Vest progress! and more inventory calculations

posted in: Books, Creativity, Knitting, Publishing | 3

Knitting

Okay! The vest is coming along. This is the one from Ann McCauley's new Together or Separate, which Ann made in a nice white. The light doesn't show the yarn well in this photo, but I love the drama of the sunbeams and shadows. Even though this is predominantly ribbing, I've blocked it out pretty hard. It'll spring back: the yarn is Brown Sheep Lamb's Pride, and it will spring back. . . .

Web-vest_2008

It's uncharacteristic of me, but I think I have made almost no modifications in this pattern. (Oh. Except for knitting all the pieces back-and-forth in one, instead of as separate fronts and back.)

Inventory

The software here burped a few weeks ago and lost all my inventory files, five years' worth. I've been working on reestablishing at least this year's inventory counts, from 12/31/07 forward. The rest is kind of history, but we're heading toward the end of the year and some of my taxes are based on the amount of inventory I have. I avoided all businesses involving inventory for a very long time, but I like books too much and ended up publishing some and here I am, working on inventory counts.

I put the relevant papers into colorful folders to make the task less onerous. Can you imagine if they were gray?

Web-inventory_2009

This is challenging enough work even when there are yellow folders involved.

One of my major sales channels changed its software this year (a huge deal, which went amazingly smoothly) and the numbers from the new and old systems don't agree with each other. Sigh. (Maybe it didn't go quite as smoothly as it appeared to.)

Isn't publishing an exciting career choice? Although I'm not at all sure I chose it. I think it came and bushwhacked me.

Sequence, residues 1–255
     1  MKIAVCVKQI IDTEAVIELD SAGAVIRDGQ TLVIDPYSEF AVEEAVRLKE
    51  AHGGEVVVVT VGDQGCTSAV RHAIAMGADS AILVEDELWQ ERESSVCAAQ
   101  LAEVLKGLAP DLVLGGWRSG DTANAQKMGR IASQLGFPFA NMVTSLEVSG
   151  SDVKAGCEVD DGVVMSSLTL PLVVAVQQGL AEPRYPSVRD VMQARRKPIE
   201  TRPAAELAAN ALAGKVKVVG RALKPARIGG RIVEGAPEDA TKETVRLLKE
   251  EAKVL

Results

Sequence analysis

Facebooktwitterrss

3 Responses

  1. gayle

    That vest is going to be amazing! I like to knit pieces all-in-one, too. Saves trying to match things up. (I always knit sleeves at the same time, clipping them together with safety pins as I go. That way if I’m a row late on increases or decreases, at least the two sleeves remain consistent – without driving myself crazy keeping notes…)

    Maybe you should have mixed in some red and orange folders, too. Then you could imagine the whole pile blazing as a bonfire. It’s the little things that keep us going.

  2. Linda Cunningham

    Count me in as another “would rather knit all in one piece than seam” person — I find it resolves a lot of shaping and gauge issues as well.

    The big downside is that it seems to take forever to get a row done sometimes, but I think it’s a more than reasonable trade-off. One of the first vests I knit by myself as a teenager I converted from three pieces to one, and I still wear it, as it keeps coming back into “style.”

    🙂

  3. Deborah Robson

    It seemed like the LONGEST rows on the vest were the ones in the collar (and upper front sections; they’re combined)! When I’m knitting in the round, the rounds don’t seem as long because I just keep going. Back and forth is a little more noticeable. Nonetheless, I’m not going to seam anything i don’t have to (or spend brain cells thinking about keeping patterns lined up).

    Ann has better reasons for doing her designs in pieces than most people, and I’ve found some of her designs slightly more tricky to convert to seamless than most. I still resist and make anything I knit as one-piece as possible! Her results are a bit “snappier” when finished than mine are. My style is also a bit more casual than hers, so it all works out fine.
    __

    I like the idea of red, orange, and yellow folders: warming. Especially good for the winter around here, with the office in the basement. I have red and yellow in play. Maybe I’ll think of a reason to use orange.

Leave a Reply